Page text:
Rockets - A guide

Rockets as we know today are massive machines that can be used to shoot payloads and Teslas into space, although some bad people tend to use them to hurl bombs at one another at supersonic speeds when they disagree, as that is the most mature thing to do. Rockets have fascinated humans since long, past 7 centuries to be exact. Emerging from its development as a weaponry half a millennium ago, rockets are now mostly (NORTH KOREA) used for transportation, communication and space exploration.

It was in 20th century a formal scientific study of rockets was done. In 1903, Konstantin Tsiolkovsky formulated the famous rocket equation which pretty much tells us that almost 80% of the mass of rockets has to be propellant (fuel), simply because gravity is a bitch, and the rest includes the structure, engines and the payload. Rockets are incredibly complex machines that require huge amount of manpower and money to build and building one touches on all areas of engineering be it Material Science, Civil, Mechanical, Electronics, Computer Science or Aerospace. Most rockets today are one-offs i.e you build once, launch your payload into a desired orbit/trajectory, forget about that expensive rocket you built and start building all over again. The first stages (modern rockets consist of multiple stages) generally end up in the ocean following a parabolic flight path and upper stages of rockets are still either intentionally de-orbited if they have enough fuel left for de-orbiting maneuver or are left in orbit for their orbit to decay due to atmospheric drag after which they generally burn up during reentry. If you think about it, these one-off rockets are really expensive.

In 1960, Philip Bono proposed the VTVL (vertical-takeoff-vertical-landing) reusable concept that would transport passengers to any point in the world in 45 minutes and significantly reduce the cost of space travel. Such proposals were in large ignored by the scientific community. Moreover, NASA backed the more conservative semi-reusable VTHL (vertical-takeoff-horizontal-landing) Space Shuttles. These semi-reusable Space Shuttles which were envisaged to cut down the cost of space travel, on the contrary, were much more expensive than one-off rockets. The Space Shuttle program was retired by the NASA in 2011. It was in 21st century thanks to private ventures ( like SpaceX and Blue Origin ) and advancements particularly in Material Science and Control Systems VTVL have finally become a reality. Although SpaceX has successfully reused the first stage boosters of the Falcon9 vFT on numerous occasions these boosters need to be refurbished and the second stage is still discarded, full and rapid re-usability is what SpaceX aims to achieve in this decade.

Surely rockets are the coolest machines out there. Frequent PSLV, GSLV launches by ISRO, Falcon upgrades at SpaceX, Missile tests and Space Voyages have been keeping the buzz of rockets on the beat. If you have ever wondered, How did man ever begin to use them as launch vehicles? How these massive things work? How are they evolving? What engines power up a rocket so that they can defy gravity? This short introduction to rockets is for you spaceman.

A brief history

Back in the 13’th century, the Chinese started using rockets as fire arrows by burning the gunpowder (fuel) pasted to the stem. These fire arrows were used for entertainment and not as weapons when they were first invented. The fire arrow rockets were then adopted as a choice of weaponry. Also, there are apocryphal accounts of a daring although a less successful Chinese astronaut of the Ming Dynasty, Wan hu, who supposedly used a chair strapped with forty-seven rockets to launch himself into space, the chair hypothetically exploded killing Wan hu. Rockets were used extensively in warfares by people all over the globe. Conrad Haas, in the middle of 16th century, formulated logs on how these weapons can be used as vehicles. He wrote how instead of merely using gunpowder to shoot rockets, one can use fuel mixtures and build multistage rockets. If only his work was seen. In the eighteenth century, Tipu Sultan developed and used iron-cased rockets for wars. This technology was later adopted by the British to develop Congreve rockets.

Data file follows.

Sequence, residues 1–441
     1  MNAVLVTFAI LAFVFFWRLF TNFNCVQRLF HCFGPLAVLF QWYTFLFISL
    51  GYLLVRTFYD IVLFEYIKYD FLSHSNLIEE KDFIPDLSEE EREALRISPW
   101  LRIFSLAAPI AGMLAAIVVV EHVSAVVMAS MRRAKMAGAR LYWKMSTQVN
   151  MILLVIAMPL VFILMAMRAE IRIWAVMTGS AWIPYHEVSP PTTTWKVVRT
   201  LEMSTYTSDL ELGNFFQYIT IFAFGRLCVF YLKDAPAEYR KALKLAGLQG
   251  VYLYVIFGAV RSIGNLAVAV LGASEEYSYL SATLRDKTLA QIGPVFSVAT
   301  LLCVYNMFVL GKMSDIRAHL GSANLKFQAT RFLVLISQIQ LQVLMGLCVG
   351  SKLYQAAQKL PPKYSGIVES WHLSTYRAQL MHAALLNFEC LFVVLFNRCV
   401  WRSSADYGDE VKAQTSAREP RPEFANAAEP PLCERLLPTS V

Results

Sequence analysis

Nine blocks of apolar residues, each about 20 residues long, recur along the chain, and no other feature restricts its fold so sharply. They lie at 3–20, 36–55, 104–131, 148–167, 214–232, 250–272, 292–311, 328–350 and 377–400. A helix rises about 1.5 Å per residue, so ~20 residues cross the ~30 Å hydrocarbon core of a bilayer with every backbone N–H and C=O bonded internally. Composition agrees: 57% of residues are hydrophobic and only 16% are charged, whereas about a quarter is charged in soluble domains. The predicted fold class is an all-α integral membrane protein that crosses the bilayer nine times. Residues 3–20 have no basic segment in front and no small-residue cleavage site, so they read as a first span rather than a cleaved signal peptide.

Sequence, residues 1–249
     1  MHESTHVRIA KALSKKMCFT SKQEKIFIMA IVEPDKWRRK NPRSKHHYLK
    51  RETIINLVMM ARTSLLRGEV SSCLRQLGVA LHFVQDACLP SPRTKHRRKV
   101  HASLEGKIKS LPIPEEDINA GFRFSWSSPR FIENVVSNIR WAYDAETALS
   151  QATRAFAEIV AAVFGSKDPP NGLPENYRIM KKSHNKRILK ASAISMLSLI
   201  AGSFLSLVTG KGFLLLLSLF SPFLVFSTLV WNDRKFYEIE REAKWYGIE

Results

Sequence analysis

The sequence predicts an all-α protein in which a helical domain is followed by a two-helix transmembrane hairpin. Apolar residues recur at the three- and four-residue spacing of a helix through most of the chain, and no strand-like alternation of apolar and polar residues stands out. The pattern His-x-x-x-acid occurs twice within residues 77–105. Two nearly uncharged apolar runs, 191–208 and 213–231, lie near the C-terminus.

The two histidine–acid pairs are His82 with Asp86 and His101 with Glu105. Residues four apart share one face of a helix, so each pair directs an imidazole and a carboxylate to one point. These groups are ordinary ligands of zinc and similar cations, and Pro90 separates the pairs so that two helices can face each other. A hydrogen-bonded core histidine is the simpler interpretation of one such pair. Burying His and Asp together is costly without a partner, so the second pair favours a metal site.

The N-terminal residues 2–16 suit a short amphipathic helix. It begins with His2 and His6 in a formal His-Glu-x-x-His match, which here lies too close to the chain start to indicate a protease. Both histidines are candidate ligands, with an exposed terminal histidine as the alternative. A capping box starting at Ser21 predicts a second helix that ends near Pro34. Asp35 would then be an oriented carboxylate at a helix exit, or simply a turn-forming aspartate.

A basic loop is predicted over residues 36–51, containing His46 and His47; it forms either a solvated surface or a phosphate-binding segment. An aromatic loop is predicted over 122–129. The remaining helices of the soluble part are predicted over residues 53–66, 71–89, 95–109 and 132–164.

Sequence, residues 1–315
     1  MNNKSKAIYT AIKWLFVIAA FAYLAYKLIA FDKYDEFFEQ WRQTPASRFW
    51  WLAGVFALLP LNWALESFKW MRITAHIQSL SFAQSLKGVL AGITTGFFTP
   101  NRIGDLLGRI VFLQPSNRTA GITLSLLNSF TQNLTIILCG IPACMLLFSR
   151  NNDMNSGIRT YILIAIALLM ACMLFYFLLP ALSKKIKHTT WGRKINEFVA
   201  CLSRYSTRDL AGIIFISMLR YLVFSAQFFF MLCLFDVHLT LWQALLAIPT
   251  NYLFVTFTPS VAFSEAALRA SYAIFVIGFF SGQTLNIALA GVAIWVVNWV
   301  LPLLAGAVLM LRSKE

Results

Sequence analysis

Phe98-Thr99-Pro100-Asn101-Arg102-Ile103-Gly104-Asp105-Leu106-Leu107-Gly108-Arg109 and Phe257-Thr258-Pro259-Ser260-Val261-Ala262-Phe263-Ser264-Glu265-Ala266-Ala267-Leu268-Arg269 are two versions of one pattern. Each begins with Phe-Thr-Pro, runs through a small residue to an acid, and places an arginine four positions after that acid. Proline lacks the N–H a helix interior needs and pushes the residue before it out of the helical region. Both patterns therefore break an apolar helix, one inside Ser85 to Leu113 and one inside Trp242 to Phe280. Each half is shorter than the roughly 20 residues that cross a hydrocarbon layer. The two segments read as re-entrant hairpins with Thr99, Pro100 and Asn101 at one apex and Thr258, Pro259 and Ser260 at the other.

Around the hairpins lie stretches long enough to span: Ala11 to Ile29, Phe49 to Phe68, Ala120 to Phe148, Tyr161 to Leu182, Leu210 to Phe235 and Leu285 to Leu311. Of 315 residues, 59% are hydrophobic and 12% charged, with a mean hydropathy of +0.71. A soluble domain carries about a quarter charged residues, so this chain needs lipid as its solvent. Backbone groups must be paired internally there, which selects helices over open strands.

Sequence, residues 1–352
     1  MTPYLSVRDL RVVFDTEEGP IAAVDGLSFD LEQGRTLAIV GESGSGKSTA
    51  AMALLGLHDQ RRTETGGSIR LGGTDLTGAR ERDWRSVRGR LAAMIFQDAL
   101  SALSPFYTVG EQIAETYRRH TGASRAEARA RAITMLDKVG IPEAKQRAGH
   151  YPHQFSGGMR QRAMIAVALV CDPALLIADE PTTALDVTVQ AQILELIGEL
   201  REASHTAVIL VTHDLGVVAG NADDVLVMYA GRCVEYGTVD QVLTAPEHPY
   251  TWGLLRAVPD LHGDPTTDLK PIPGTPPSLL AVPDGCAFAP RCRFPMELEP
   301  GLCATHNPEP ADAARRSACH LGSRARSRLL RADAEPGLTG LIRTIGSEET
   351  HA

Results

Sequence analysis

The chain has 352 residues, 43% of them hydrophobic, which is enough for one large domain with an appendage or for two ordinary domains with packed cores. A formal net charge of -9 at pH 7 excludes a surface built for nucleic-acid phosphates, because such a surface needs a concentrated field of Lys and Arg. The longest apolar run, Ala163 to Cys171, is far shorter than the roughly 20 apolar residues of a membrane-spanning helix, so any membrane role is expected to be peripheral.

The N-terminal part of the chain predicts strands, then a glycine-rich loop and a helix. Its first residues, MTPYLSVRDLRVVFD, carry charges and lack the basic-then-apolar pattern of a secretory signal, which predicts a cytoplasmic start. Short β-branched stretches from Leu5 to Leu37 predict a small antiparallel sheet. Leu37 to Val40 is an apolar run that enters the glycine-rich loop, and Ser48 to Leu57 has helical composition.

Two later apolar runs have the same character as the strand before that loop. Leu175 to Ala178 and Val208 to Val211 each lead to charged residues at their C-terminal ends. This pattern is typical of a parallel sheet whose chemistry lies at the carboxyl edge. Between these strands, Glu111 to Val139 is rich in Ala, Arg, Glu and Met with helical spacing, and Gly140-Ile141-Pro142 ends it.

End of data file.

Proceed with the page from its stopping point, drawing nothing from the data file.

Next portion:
Modern Rocket Technology only came into existence when Konstantin Tsiolkovsky formulated theories on rocket propulsion. He came up with the famous rocket equation in 1903 which helps us calculate the maximum Δv\Delta{v} a rocket can achieve given initial and final mass (once all the fuel is used up) ratio and the exhaust velocity of gases from the nozzle of the rocket engine - an important parameter in to determine if a particular rocket can perform a certain maneuver. The ideal rocket equation, which ignores the affect of atmospheric drag and lift is:

Δv=velnm0mf\Delta{v} = v_e \ln{\frac {m_0} {m_f}}

   Δv\Delta{v} is the maximum change of velocity of the vehicle.
   vev_e is the effective exhaust velocity.
   m0m_0 is the initial total mass, including the propellant.
   mfm_f is the final total mass, without the propellant.
   ln\ln is the natural logarithmic function.

Robert Goddard conducted serious analysis on rockets. He formulated theories about ignition of propellants and exhaust nozzles. On 16 th March 1926, he launched the world’s first rocket- a conventional rocket engine attached to a supersonic nozzle that would cool the hot exhaust gases and produce high thrust with greater efficiency. Rockets technology developed to be popular during the II world war.

After the II world war, rockets were used as launch vehicles for Space Exploration. Rockets as weaponries are still prevalent in the modern world as Missiles.

Principle of Operation

Rockets accelerate by expelling part of their mass i.e. the propellant with high speed through a nozzle and moves forward due to conservation of momentum. Hence, they are called non-air-breathing engines, in contrast to jet engines you often see on commercial airliners, that use a turbine to works on the most simple principle of is a device that propels itself forward by emitting hot gases in a direction opposite to its direction of acceleration.

Rockets function according to Newton’s third law of motion: Every action has an equal and opposite reaction. To support this, let me tell you that rockets enclose high-pressure gases and when these gases are let out, the rocket moves forward. The motion of the exhaust gases is the action and the forward thrust of the rocket in the direction opposite to the stream of gases is the equal and opposite reaction.

For the rocket to lift off the ground, the mass of the rocket must be much lesser than the thrust produced i.e TWR(Thrust to weight ratio) must be greater than 1. Rockets on an average weigh about 50000 Kg. Evolution of rocket technology proves that it is possible to achieve a large amount of thrust that is required to propel the rocket forward and keep it going. Also, it is possible to escape the earth’s gravity through greater hypersonic speeds. Efficient design and propulsion optimization have helped the folks achieve heights in rocket science.